World Without NAFTA Looks Like 1980s For Agriculture

November 16, 2017 12:12 PM

President Donald Trump has been stressing the importance of fair trade, and in order to get fair trade, he has threatened walking away from the North American Free Trade Agreement (NAFTA).

On Wednesday, renegotiation talks resumed in Mexico with delegates from Mexico, Canada and the United States, and final talks have been pushed into 2018.

U.S. Commerce Secretary Wilbur Ross said that striking a new deal by early 2018 will be enormously complex. Ross said ag leaders are making negotiations more difficult because the groups are voicing more concern over the direction of the NAFTA 2.0 talks.

“As one special interest group, say agriculture, for example, gets nervous, they start screaming and yelling publically,” said Ross.

Former secretary of agriculture Tom Vilsack, now president and CEO of the U.S. Dairy Export Council, says nixing NAFTA isn’t an option.

“The responsibility for the administration is to figure out creatively how to get the job done and they were right to raise the issue of modernizing and renegotiating NAFTA, but now they have to bring it home,” he said at the Farm Journal MILK Business Conference earlier this month.

This sentiment is echoed by economists, saying walking away from the trade deal that has been in place for 25-years would do serious harm to the U.S. agriculture industry.

“Without NAFTA, we’re looking at the 1980s, and I have to agree with [Dave Cole, who originally made that statement],” said Jackson Takach, Farmer Mac economist. “NAFTA is a big part of our trade package. NAFTA delivers a lot of ag export markets, and without it, I think we’re going to see a pretty significant decline in sales and revenues for our farmers.”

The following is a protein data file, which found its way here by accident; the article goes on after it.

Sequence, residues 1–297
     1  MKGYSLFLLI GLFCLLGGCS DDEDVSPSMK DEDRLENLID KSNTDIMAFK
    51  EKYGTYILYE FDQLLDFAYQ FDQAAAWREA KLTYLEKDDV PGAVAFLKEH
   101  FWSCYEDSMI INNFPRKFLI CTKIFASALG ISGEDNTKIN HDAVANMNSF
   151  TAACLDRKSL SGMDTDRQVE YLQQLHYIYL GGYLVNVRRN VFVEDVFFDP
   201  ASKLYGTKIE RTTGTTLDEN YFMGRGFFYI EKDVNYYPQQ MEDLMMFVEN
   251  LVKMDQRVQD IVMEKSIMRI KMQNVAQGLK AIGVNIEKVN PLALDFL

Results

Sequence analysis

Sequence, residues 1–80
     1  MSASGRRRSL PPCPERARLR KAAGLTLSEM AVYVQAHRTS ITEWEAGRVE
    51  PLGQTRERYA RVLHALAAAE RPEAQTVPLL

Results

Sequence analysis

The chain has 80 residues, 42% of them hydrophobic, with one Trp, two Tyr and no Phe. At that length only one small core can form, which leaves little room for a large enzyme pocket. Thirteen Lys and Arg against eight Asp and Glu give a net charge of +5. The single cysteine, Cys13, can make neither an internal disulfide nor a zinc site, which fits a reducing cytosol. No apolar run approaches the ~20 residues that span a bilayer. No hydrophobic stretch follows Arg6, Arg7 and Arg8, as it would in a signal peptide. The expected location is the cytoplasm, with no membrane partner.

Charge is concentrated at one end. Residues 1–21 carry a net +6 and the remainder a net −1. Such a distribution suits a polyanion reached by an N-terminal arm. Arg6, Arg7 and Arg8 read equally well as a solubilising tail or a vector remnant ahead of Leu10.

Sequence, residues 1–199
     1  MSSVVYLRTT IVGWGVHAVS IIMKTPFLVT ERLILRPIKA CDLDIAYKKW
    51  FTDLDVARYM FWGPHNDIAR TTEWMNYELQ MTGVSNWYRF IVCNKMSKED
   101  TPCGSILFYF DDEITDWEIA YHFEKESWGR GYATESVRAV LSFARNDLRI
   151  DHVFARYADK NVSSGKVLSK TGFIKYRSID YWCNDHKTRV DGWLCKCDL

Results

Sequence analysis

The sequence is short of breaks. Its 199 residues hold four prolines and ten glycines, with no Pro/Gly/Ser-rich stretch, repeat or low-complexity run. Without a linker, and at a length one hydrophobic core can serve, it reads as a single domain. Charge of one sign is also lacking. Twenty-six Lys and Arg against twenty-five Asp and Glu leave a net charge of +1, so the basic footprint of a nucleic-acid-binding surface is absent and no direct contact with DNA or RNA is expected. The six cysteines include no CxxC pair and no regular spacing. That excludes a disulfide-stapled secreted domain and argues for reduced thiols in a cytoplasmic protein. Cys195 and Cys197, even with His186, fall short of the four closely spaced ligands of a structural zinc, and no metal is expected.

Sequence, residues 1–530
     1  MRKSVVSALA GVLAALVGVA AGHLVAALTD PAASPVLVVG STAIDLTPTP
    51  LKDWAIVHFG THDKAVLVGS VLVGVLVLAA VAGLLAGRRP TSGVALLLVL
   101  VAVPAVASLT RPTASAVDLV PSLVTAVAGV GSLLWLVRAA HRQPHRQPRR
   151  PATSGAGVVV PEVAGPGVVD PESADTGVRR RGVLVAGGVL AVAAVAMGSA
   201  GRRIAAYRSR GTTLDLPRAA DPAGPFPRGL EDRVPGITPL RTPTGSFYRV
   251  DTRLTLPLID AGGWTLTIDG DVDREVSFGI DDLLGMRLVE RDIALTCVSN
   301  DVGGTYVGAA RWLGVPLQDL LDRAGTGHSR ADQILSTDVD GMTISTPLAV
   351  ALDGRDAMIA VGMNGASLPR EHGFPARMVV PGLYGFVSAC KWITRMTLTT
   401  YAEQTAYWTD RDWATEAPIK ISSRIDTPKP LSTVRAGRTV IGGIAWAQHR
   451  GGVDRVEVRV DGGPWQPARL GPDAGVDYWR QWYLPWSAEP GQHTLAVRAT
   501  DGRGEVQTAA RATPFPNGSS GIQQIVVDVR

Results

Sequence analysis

Earlier this month, Secretary of Agriculture Sonny Perdue said the USDA is making contingency plans if the U.S. decides to scrap the trade agreement.

Watch the full story on AgDay above.

Back to news



Spell Check

Ann Bassett
Woodstock, VT
11/17/2017 12:20 PM

  Many people seem to mistake NAFTA for a world wide agreement. It's for three countries only, North American Trade Agreement, so it has no bearing on beef into China and Korea or any of agricultural product into a new market. Farmers might want to think about how much corn and soybeans we sell to Mexico. They're already looking at purchasing more grain from Brazil and Argentina.

Central, IL
11/17/2017 12:26 PM

  Change isn't always good. Those who have tied into the Presidents line forget it takes two (or more) to succeed in trade. I will agree that the US needs more open movement of goods between us and our trading partners .. but remember it takes trading PARTNERS. Threatening to take your ball and go home if you don't like the results only helps our competitors. Seems to me situations like Nixon's embargo on soybeans back in the 70's only helped Brazil. For all of his professed "business expertise" the President is really close to dropping the ball on this one. Regarding those "special interests" that where mentioned. Special begins at home. If my products lose value because the neighborhood bully (and that's not the word I prefer) is pandering to a small percentage of the electorate, that's a loss for me and American Ag. I hope his bluster doesn't blow up in our faces. I survived the 80's on luck, great support, and Faith. I do not want to experience those situations again.

Louis Tennis
Browns, IL
11/17/2017 07:29 AM

  we have had Nafta for twenty year and have be used by the other countries most of the years. Why are we finally got beef in Korea, and back in China. So tell me why Nafta has been soo good